The next time I saw the buckskin, he was decked out, saddle and bridle covered with conchos and buckskin ties. He looked like he belonged in a western beneath a hero riding into the sunset. His light tan coat gleamed and his pale mane looked like a silken waterfall as he danced and sidestepped while Dad brushed him. Catching the reins tied around the top log of the fence, the buckskin pulled them loose, nudging Dad, and tossing his head. He wanted to go. Grooming could wait for later, he seemed to say.

“Got a name for him?”

“Apache.” Dad mounted and headed off down the driveway at a canter, dirt puffing beneath Apache’s hooves.

Every evening after work, Dad brushed the buckskin until he gleamed, mounted, and took off down the road, sometimes with Mom on the brown saddlebred mare, living a long held dream of owning horses and living in the country.

Apache settled down, but very few could ride him without Dad close by; he had a tendency to attack without warning or buck whenever anyone else mounted. The only exception was children. Apache loved kids, even my two little boys who never sat still for anyone or anything, unless they rode with Dad on Apache.

The buckskin didn’t give his love or his loyalty lightly or easily, probably remembering the harsh treatment of his former owner. He adored Dad, acting more like an enormous dog than a horse as he followed him around. Children fascinated him and he gentled whenever they approached, taking carrots and sugar cubes from their hands as delicately and gently as a refined gentleman. But Apache was a devil with the mares, a sort of mare’s stallion even though he had supposedly been gelded. (We learned later that he was still a stallion.)

Apache’s eyes gleamed with mischief whenever I wanted to ride, teasing me with nips whenever my back was turned, and whinnying when I turned and caught him, as though playing some private game. He never bucked me off or ran away with me again, having decided on some kind of truce as if I had won his admiration the day he attacked and ran away with me. But no one knew the depth of his loyalty until the day Dad was breaking an Arabian mare he’d just bought.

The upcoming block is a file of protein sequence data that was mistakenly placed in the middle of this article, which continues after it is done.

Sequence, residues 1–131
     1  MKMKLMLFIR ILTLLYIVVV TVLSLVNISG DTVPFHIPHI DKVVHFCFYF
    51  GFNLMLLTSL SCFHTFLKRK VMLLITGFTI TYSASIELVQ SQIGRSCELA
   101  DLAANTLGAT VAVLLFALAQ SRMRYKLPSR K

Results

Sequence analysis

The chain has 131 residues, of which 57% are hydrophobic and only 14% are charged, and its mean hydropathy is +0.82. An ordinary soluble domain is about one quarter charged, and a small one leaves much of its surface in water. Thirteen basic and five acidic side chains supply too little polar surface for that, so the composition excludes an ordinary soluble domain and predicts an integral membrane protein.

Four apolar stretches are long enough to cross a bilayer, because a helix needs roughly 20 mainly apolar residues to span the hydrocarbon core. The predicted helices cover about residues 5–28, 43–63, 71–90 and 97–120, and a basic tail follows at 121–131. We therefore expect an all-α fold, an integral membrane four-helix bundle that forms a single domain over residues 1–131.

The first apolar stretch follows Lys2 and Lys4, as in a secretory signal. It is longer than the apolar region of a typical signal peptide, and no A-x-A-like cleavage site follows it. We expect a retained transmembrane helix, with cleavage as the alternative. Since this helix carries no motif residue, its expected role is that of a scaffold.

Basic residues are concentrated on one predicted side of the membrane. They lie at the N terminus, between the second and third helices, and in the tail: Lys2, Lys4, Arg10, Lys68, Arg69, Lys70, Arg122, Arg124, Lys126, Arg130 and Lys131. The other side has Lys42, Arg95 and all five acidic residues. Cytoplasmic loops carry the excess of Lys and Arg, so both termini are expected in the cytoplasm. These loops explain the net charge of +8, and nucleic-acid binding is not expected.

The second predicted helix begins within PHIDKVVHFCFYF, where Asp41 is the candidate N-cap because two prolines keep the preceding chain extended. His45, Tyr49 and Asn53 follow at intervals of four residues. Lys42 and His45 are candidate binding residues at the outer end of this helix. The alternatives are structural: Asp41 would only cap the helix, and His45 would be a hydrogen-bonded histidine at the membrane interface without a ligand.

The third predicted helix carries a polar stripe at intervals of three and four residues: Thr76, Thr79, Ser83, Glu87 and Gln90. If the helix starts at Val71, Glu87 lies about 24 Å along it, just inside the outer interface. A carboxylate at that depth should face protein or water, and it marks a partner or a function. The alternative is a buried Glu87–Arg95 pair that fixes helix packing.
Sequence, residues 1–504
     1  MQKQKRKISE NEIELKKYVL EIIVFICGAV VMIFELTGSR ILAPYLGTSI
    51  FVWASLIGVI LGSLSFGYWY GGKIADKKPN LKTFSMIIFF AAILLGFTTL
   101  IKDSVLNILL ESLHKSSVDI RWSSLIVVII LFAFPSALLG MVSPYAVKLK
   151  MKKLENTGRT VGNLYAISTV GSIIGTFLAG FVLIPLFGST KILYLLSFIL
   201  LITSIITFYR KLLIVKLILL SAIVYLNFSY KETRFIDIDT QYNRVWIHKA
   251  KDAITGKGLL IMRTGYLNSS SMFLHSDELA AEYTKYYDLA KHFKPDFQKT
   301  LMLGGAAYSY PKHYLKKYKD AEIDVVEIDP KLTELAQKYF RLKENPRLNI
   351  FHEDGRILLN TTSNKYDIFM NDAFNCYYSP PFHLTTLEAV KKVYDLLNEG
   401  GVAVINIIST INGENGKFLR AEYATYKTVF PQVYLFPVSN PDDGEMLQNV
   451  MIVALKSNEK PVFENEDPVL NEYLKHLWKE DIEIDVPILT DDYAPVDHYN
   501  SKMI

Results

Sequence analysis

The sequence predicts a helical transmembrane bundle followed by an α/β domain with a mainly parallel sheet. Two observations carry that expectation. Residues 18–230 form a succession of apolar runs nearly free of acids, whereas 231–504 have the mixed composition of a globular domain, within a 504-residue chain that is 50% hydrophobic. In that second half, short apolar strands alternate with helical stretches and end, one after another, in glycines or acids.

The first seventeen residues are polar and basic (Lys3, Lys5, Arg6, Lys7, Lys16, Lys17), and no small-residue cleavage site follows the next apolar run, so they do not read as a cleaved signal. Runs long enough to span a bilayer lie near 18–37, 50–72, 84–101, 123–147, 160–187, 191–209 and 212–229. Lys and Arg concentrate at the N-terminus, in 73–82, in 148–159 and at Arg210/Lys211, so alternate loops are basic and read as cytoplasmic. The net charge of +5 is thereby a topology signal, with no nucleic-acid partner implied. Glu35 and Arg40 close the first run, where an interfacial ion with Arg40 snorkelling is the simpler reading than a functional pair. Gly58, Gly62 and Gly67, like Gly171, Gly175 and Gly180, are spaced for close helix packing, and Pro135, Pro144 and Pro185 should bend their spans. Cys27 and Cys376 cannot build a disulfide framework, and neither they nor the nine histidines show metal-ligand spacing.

Lakaya seemed fine when Dad mounted her the first time, flanks quivering, nostrils flared, but she stood still, silent, head bowed. He started to put her through her paces when suddenly she reared and lunged forward. Dad went down with a sickening crunch.

Apache grazed in the pasture when Lakaya bucked Dad off. Two seconds later, the buckskin cleared the fence and raced to where Dad lay, beating the rest of us. He lowered his head and pushed at Dad’s shoulder. Dad groaned.

Lakaya took off down the driveway. Apache tore after her, racing ahead, and turning her back toward the house. He herded her all the way back up the driveway, nipping at her flanks when she stalled or tried to take off again. When they were almost up to where Dad now sat holding his right wrist, Apache nipped Lakaya again. She squealed and reared. My brother took her reins and led her back to the barn while the buckskin stayed near Dad until we got him in the car and Mom took him to the hospital.

Dad’s wrist was broken in two places. When he came home with the cast on his arm, no one was happier to see him than Apache was. He crowded the fence neighing and calling as Dad got out of the car, refusing to settle until Dad went over to him and stroked his nose and patted his neck. Apache was satisfied.

My parents eventually gave up the horses and the farm and bought a house outside of town. The owners of the farm had decided to sell the land to a developer and canceled their option to buy.

I don’t know who was sadder the day the new owners came for the buckskin, Dad or Apache. We never saw the buckskin again, but there is no doubt in my mind that wherever Apache went he made his presence felt every time he attacked.